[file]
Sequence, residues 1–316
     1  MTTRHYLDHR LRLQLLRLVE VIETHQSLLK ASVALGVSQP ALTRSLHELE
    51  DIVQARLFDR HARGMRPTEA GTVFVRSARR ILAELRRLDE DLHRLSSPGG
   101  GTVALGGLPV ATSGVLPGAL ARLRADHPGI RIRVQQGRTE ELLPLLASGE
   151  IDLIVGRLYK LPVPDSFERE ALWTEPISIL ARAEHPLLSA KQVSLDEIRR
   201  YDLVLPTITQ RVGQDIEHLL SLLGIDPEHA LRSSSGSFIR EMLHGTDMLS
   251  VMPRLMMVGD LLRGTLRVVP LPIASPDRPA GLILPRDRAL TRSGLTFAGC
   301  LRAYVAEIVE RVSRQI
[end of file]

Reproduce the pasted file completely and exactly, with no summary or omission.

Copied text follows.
Sequence, residues 1–316
     1  MTTRHYLDHR LRLQLLRLVE VIETHQSLLK ASVALGVSQP ALTRSLHELE
    51  DIVQARLFDR HARGMRPTEA GTVFVRSARR ILAELRRLDE DLHRLSSPGG
   101  GTVALGGLPV ATSGVLPGAL ARLRADHPGI RIRVQQGRTE ELLPLLASGE
   151  IDLIVGRLYK LPVPDSFERE ALWTEPISIL ARAEHPLLSA KQVSLDEIRR
   201  YDLVLPTITQ RVGQDIEHLL SLLGIDPEHA LRSSSGSFIR EMLHGTDMLS
   251  VMPRLMMVGD LLRGTLRVVP LPIASPDRPA GLILPRDRAL TRSGLTFAGC
   301  LRAYVAEIVE RVSRQI